The Looms and the Art of Ulrika Leander

Mid-Shore Arts: The Looms and Art of Ulrika Leander

The art world has just a few very special heros who take it upon themselves to work in mediums requiring intense intricacy, precision, and endless patience to complete their work. And nowhere else can one find that special breed stand out more than those who chose the art of tapestry for their artistic expression.

And one can officially include the Mid-Shore’s Ulrika Leander in that select group.

Starting at the age of thirteen in her native Sweden, Ulrika has become one of the great masters of the loom with her intentionally beautiful and large tapestries created in her generous studio a short walk from the Oxford-Bellevue Ferry.

Like clockwork, Ulrika works every day in front of one of her three custom-built looms to produce art that is proudly hung in museums and private homes throughout the world. With a typical project taking well over six months to complete, Leander has found a particular zone to operate in as she plots along a single line of fiber during a day’s work.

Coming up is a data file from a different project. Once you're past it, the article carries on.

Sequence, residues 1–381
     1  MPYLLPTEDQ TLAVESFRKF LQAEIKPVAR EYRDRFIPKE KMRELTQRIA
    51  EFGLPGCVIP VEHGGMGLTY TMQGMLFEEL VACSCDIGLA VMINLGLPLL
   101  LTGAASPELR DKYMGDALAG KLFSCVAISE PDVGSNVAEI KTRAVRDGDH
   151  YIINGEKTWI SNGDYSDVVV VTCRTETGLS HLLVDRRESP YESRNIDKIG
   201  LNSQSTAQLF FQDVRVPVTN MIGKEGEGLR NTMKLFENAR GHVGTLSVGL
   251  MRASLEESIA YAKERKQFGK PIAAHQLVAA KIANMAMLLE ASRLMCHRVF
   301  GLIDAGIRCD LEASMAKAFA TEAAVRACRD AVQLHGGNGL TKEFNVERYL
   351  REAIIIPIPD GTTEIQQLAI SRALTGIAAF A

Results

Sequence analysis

In her Spy interview a few weeks ago, she talks about this unique, centuries-old practice, and how she enjoys the special challenges that come with the making one-of-a-kind tapestries.

This video is approximately four minutes in length. For more information on Ulrika Leander work and studio, please go here.

Butterfly tapestry

In the middle of the winter it’s quite lovely to weave a tapestry reminding you about summertime. This tapestry is woven from the side using a very complex technique. The 4th image shows the design in the correct direction. Finished, the tapestry will measure about 48 ins high and 72 ins wide. I started the tapestry in November 2016 and I estimate that the weaving process will take me through late spring. The tapestry will be available for sale when completed.

Contemporary Tapestry Weaving – tapestry@goeaston.net

butterflyfjaril-detalj-december-21-2016butterfly-progress-dec-21jan-2jan-3

Corbusier Tapestry

Le Corbusier Tapestry Unveiled at the Sydney Opera House, 58 Years After Commission

Earlier this week, fifty-eight years after it was commissioned, a seventy-square-foot wool tapestry by Le Corbusier was finally installed at the Sydney Opera House. The work was originally commissioned by the architect who designed the iconic waterfront opera house, Jørn Utzon. At that time Utzon was an unknown and Le Corbusier, at the height of his career, rarely collaborated with other architects, reports Caroline Taïx, Le Monde’s Sydney-based correspondent